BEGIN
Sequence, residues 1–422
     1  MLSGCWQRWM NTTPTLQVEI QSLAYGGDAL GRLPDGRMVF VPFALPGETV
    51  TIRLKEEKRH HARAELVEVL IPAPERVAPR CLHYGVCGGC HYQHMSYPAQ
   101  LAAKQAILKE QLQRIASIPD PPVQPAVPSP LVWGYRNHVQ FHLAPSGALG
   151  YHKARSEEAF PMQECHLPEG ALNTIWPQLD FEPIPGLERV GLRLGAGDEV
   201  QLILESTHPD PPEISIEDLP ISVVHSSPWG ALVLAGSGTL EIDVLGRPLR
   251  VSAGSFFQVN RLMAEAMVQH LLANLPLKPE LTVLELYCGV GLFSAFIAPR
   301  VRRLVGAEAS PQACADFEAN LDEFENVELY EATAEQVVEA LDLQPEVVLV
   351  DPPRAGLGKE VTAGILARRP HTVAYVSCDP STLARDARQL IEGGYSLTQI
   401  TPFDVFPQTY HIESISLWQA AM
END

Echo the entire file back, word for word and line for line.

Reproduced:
Sequence, residues 1–422
     1  MLSGCWQRWM NTTPTLQVEI QSLAYGGDAL GRLPDGRMVF VPFALPGETV
    51  TIRLKEEKRH HARAELVEVL IPAPERVAPR CLHYGVCGGC HYQHMSYPAQ
   101  LAAKQAILKE QLQRIASIPD PPVQPAVPSP LVWGYRNHVQ FHLAPSGALG
   151  YHKARSEEAF PMQECHLPEG ALNTIWPQLD FEPIPGLERV GLRLGAGDEV
   201  QLILESTHPD PPEISIEDLP ISVVHSSPWG ALVLAGSGTL EIDVLGRPLR
   251  VSAGSFFQVN RLMAEAMVQH LLANLPLKPE LTVLELYCGV GLFSAFIAPR
   301  VRRLVGAEAS PQACADFEAN LDEFENVELY EATAEQVVEA LDLQPEVVLV
   351  DPPRAGLGKE VTAGILARRP HTVAYVSCDP STLARDARQL IEGGYSLTQI
   401  TPFDVFPQTY HIESISLWQA AM